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There is a circle of radius 187.5m and centre $(25.23,188.6)$. It takes the form $(x-25.23)^2 +(y-188.6)^2=187.5^2$

There is another circle whose centre is unknown and has a radius of 1750m. This circle intersects with the y axis at $(0,2.05)$ and a point on the original circle. The point on the original circle is the point where the tangent line from point $(0,2.05)$ touches the larger circle. I want to obtain the centre of this circle.

I've created this graphically in CAD software, and the resultant centre should be close to $(87.5028,1749.861)$. I've tried doing this mathematically but i fear I haven't dealt with quadratics in a long time. Sometimes I get close to the point provided by CAD but when verifying the circle equation by plugging the point $(0,2.05)$ back in, it doesn't converge.

I've calculated the tangent point in this case to be $(16.752,1.29$) which I believe is correct. However my problem lies when trying to get the centre point of the larger circle. If both points are on the circle then the following is true:

$(0-h)^2 + (2.05-k)^2 = 1750^2$ and $(16.752-h)^2 + (1.29-k)^2 = 1750^2$

I solve for h in terms of k in one equation. Reinput h back into the other equation and solve for k. Once I solve for the values of k, I then solve for h. But I've used online calculators and still can't seem to reconcile the numbers.

Could someone possibly explain if my work is flawed in some way? Or possibly identify that it is possible to get similar numbers to the graphical solution? I would provide the graphic but the scales of the circles are so large it's difficult to see the area I'm concentrating on. Thanks

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  • $\begingroup$ In other words, omitting numbers, we have $\omega_1$ and $\omega_2$ cycles and a $2$ points: $A\in \omega_2$ and $B\in \omega_2\cap\omega_1$ such that "B is the point where the tangent line from point A touches $\omega_2$" and the radii ratio and we have to find the $\omega_2$ center, right? Hm it doesn't help, I don't imagine the picture anyway... $\endgroup$ – Alexey Burdin May 14 '20 at 21:41
  • $\begingroup$ There are two tangents to a circle through any exterior point, and for each of the points of tangency there are two possible circles that meet the other criteria, so there are four possible solutions. $\endgroup$ – amd May 14 '20 at 23:36
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I couldn’t tell you why these calculators that you haven’t identified don’t give you solutions that match your CAD approximation, but keep in mind that there are two solutions to that equation, corresponding to the fact that there are two circles with the given radius that pass through the two points. When I give your equations to Mathematica to solve, one of the solutions jibes with your CAD numbers. The usual way to go about solving this system by hand is to subtract one equation from the other to get the equation of a line (in fact, the perpendicular bisector of the tangent segment), solve that for one of the variables and back-substitute to get a quadratic equation in one variable.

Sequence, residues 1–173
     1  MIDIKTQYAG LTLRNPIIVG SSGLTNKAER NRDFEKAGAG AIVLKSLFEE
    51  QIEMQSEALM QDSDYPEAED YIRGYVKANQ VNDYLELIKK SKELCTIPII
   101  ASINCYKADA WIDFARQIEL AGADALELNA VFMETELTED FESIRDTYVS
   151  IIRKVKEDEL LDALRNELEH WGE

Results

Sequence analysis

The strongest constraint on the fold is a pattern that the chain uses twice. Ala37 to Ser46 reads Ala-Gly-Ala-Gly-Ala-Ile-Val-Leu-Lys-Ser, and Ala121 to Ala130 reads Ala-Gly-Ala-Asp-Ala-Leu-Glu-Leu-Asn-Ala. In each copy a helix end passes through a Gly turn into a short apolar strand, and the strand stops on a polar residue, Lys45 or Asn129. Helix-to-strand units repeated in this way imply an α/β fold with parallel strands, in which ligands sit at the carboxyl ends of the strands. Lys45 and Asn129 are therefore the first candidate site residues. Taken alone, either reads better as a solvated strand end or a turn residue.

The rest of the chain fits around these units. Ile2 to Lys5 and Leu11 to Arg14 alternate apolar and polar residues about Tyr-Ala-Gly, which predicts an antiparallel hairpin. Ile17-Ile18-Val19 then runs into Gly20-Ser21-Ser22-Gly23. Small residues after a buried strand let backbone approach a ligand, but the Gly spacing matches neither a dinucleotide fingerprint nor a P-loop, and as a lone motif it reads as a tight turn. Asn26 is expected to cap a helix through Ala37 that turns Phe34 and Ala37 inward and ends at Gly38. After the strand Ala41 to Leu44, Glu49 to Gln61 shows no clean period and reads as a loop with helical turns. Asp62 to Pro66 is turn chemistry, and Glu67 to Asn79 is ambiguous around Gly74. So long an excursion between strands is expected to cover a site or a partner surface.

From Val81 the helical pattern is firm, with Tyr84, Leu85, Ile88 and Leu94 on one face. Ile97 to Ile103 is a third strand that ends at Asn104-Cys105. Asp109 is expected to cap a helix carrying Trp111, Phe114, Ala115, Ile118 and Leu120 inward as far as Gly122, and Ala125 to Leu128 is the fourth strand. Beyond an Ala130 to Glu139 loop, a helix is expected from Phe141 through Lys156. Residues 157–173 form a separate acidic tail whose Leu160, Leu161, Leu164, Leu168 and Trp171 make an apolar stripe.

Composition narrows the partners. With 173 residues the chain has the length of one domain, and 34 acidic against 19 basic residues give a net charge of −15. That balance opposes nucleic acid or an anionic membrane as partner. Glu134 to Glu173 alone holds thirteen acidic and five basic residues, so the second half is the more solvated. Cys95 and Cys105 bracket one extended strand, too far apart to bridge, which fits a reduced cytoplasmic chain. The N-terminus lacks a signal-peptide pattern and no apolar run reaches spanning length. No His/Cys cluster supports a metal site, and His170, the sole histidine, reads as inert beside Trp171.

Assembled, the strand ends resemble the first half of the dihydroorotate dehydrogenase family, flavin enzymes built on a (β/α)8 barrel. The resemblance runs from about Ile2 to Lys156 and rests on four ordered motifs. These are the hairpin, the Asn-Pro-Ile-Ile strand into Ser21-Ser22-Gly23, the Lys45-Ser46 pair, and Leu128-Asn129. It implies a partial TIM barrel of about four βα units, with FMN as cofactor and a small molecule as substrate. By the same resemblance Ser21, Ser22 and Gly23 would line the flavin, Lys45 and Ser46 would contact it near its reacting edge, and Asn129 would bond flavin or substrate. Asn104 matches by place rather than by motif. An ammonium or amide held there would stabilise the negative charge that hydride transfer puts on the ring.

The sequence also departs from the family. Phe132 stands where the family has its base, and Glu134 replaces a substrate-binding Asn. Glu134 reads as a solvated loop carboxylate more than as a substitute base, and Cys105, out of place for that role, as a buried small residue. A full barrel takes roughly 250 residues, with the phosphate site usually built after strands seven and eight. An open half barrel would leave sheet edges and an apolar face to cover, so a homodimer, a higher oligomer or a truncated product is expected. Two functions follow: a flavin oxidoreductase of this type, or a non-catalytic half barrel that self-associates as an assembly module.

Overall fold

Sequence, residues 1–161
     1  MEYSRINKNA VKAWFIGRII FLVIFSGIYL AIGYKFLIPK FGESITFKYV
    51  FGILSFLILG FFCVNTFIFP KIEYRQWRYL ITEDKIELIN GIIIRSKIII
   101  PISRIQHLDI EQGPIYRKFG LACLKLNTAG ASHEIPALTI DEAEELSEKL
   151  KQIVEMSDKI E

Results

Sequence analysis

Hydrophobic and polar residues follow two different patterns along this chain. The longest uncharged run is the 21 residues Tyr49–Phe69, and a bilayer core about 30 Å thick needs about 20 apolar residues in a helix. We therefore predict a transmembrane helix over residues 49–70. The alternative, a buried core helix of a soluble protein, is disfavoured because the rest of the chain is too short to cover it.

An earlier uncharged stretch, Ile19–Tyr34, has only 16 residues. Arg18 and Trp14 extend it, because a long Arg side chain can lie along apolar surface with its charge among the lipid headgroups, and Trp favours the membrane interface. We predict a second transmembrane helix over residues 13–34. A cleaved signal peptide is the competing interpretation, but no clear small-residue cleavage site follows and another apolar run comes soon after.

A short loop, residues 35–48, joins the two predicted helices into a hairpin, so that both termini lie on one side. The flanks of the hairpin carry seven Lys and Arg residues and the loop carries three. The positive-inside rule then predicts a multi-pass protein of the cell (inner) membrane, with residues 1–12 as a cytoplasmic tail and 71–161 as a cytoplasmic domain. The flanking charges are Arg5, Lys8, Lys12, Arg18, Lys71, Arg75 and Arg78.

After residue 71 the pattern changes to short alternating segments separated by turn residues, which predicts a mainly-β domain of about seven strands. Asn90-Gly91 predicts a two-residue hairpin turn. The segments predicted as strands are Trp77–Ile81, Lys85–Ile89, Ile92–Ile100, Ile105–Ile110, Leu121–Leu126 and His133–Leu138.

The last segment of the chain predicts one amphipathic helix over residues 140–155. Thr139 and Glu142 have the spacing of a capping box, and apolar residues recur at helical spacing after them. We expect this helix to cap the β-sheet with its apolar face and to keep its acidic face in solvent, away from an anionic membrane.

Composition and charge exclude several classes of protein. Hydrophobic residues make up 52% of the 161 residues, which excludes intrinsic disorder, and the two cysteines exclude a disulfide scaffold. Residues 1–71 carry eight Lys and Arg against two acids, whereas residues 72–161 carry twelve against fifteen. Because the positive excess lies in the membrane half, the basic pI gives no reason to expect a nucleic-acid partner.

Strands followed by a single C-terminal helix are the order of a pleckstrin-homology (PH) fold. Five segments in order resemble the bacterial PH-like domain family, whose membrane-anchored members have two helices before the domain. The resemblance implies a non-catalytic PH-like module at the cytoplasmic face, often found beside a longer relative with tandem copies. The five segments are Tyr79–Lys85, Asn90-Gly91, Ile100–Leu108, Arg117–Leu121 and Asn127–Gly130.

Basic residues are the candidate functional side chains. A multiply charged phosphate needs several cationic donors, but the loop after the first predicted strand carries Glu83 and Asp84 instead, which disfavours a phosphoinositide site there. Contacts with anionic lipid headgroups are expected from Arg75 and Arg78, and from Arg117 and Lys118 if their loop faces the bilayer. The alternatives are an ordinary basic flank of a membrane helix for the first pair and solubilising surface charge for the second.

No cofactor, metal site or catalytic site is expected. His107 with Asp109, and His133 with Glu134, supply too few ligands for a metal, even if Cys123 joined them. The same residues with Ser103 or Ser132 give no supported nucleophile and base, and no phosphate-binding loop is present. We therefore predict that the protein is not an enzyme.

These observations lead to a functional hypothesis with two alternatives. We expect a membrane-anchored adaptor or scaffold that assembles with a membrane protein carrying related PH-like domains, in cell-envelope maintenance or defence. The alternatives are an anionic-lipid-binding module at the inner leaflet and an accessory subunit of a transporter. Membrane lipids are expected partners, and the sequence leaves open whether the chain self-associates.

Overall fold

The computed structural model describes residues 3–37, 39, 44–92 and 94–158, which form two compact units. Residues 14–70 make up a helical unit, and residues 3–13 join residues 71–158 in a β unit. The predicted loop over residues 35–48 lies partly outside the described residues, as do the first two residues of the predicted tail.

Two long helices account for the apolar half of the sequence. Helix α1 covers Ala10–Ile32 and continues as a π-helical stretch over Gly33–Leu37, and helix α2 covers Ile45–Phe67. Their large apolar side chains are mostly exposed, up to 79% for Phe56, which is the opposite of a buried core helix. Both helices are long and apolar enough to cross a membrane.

However, once you have the point of tangency (call it $B$), there’s no need to solve any equations at all in order to find the center of the large circle. It can be done with simple vector computations and an application or two of the Pythagorean theorem. Call the known $y$-axis intersection of the large circle $A$. It’s center lies somewhere on the perpendicular bisector of $AB$. This line has for a direction vector $(A_y-B_y,B_x-A_x)$. Using your values and normalizing, this gives us the unit vector $\mathbf u\approx(0.0453,0.9990)$. Half of the distance from $A$ to $B$ is $8.385$, so the distance of the large circle’s center from the midpoint of $AB$ is $\sqrt{1750^2-8.385^2}\approx1749.98$. The center of the large circle is therefore at $$\frac12(A+B)\pm1749.98\mathbf u.$$ Taking the positive direction along $\mathbf u$ again produces values that are pretty close to your estimate.

Since the distance between $A$ and $B$ is so small relative to the large circle’s radius and the tangent line is almost horizontal, you have to take extra care to manage roundoff error in your calculations. Also, there are two tangents to a circle through any exterior point, so as you’ve described the problem here, there are four solutions. No doubt you have some other critieria with which to select the correct one, but you haven’t mentioned them.

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  • $\begingroup$ Thanks for the help. The criteria for the circle would be one that has a centre that has a positive x and y value. May I query what C is in relation to the equation above? $\endgroup$ – Ravenerabnorm May 15 '20 at 8:11
  • $\begingroup$ @Ravenerabnorm Typo. Should be $B$. Corrected. $\endgroup$ – amd May 15 '20 at 17:47
  • $\begingroup$ @Ravenerabnorm Also, two of the four possible solutions have centers in the first quadrant: the one you found and one at $(379.92,1710.3)$ obtained from the other tangent. $\endgroup$ – amd May 15 '20 at 17:59
  • $\begingroup$ Much appreciate @amd! $\endgroup$ – Ravenerabnorm May 15 '20 at 18:55

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